Step #1: Determine Your Current Job.

If you change jobs frequently and there is no clear pattern for your chosen job, it can be helpful to define the bigger picture of what you want to do with your career. If you have been in the same job for some time, or held several related jobs, you may find it easier to describe your job.

It is also possible that some occupations also determine one’s occupation. For example, teaching can be described as work and work; although there are other jobs related to education that can be done by a teacher.

Step #2: Develop a Vision Statement.

Now that you have developed a description of the job you are currently working on, it is time to develop a vision statement for your career. This doesn’t mean that you have to explain what you’re going to do over the next 20 years or that you have to stay in a certain job.

However, consider what you want to work towards in the long run. For example, are there different types or levels of work in your job that you could work on as you gain additional knowledge and/or skills?

Step #3: Develop Short-Term and Long-Term Career Plans.

Once the vision statement is set, you can now develop a career plan and this will immediately help change your mindset and create a sense of control for your career. As a career coach, it helps many of my clients overcome feelings of helplessness in their careers, even if they don’t have immediate options to explore.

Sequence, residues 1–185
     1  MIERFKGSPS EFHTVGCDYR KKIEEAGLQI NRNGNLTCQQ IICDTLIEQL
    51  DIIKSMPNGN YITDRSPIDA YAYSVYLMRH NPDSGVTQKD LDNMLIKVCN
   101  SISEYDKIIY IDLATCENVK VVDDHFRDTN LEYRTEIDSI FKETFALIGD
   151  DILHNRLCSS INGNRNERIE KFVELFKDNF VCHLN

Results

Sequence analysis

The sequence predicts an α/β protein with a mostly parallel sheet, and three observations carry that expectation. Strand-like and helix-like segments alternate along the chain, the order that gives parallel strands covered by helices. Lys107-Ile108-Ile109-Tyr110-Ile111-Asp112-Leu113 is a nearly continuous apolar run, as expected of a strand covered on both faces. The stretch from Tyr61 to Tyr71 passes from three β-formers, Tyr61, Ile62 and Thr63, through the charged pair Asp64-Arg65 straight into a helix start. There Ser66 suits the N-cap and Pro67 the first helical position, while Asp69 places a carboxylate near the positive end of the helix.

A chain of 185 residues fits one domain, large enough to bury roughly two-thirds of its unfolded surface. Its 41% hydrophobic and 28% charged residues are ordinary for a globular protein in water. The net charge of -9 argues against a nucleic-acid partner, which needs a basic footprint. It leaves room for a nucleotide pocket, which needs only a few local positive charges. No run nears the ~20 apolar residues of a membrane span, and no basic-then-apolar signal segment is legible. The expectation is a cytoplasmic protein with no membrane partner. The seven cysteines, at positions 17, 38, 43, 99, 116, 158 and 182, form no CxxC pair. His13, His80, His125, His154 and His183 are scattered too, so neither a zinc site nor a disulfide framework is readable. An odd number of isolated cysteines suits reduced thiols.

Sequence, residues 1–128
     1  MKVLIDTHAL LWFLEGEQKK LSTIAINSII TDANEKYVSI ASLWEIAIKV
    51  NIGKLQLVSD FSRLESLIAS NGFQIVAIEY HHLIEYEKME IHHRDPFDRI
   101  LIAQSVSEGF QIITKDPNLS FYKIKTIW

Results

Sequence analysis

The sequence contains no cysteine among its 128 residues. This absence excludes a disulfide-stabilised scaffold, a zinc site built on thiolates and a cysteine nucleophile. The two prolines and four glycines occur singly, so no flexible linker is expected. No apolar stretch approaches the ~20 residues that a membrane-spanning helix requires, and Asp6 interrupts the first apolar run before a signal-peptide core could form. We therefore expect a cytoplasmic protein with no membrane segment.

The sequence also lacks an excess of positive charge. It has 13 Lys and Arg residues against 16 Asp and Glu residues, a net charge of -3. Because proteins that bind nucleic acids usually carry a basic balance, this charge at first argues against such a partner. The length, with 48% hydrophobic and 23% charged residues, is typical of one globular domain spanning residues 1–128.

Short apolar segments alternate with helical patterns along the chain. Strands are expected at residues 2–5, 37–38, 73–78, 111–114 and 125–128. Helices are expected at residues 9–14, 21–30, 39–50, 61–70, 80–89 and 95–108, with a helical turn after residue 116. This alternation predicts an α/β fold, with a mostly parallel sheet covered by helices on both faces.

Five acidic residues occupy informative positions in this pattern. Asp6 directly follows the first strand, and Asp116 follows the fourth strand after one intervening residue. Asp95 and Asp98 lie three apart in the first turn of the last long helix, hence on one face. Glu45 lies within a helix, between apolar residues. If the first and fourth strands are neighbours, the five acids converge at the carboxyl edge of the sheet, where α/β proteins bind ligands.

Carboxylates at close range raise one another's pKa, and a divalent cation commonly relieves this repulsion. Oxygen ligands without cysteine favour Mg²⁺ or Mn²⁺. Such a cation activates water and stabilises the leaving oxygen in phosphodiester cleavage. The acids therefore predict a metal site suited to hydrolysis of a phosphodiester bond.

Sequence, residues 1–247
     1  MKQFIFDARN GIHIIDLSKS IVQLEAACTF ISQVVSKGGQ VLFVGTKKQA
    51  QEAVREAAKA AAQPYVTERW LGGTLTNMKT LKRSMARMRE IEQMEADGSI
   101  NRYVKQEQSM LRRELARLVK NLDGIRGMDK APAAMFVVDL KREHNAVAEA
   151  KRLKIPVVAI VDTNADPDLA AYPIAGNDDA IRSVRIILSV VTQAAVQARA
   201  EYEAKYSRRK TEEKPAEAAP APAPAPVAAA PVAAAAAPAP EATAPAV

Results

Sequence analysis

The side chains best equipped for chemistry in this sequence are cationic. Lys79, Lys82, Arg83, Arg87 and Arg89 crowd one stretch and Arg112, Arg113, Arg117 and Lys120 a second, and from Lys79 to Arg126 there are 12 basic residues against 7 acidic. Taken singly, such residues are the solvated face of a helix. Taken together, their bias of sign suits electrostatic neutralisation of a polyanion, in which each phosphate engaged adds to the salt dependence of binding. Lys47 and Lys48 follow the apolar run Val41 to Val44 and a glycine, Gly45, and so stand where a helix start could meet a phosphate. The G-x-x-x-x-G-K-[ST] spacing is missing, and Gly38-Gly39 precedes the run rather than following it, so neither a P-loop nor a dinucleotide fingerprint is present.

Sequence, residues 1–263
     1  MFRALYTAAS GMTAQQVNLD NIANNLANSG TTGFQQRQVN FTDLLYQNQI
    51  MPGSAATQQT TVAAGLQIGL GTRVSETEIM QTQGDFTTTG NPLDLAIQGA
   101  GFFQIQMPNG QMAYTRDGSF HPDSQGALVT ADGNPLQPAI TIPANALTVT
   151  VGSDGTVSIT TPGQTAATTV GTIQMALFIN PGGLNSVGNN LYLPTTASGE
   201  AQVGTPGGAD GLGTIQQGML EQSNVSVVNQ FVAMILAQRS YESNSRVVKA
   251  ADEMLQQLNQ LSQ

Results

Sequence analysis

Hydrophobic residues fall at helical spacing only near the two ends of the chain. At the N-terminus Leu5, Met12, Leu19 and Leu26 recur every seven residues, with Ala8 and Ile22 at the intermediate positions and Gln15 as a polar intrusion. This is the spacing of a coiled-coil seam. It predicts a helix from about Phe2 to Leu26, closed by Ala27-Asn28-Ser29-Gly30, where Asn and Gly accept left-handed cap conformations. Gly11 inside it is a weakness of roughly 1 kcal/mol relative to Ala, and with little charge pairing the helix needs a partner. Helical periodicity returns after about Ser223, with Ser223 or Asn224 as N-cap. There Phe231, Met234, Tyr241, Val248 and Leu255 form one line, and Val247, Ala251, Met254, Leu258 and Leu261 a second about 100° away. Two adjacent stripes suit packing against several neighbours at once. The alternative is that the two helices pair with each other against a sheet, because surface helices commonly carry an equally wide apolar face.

Career planning involves setting short-term and long-term goals related to your vision. While this doesn’t mean it has to be a fixed plan and one that can never be adapted or modified, it does provide a starting point for work and it creates a proactive mindset.

Step #4: Develop Work-Related Milestones.

With a career plan set in place, I also encourage my clients to develop work-related accomplishments to maintain focus on their career plans and vision. For example, if the short-term goal is to develop a new skill as a means of advancing in a particular job, a milestone could be a 90-day check-in to determine if the skill was acquired.

If those skills have not been acquired then the next steps can be decided and range from asking for a different assignment on the job, looking for another position in the same organization, or looking for a new job if the current job has reached the point where it is offered. no further long term value. This milestone is a reminder and provides an opportunity to reflect on career plans to determine if any changes need to be made.

Step #5: Conduct a Continuing Skills and Knowledge Self-Assessment.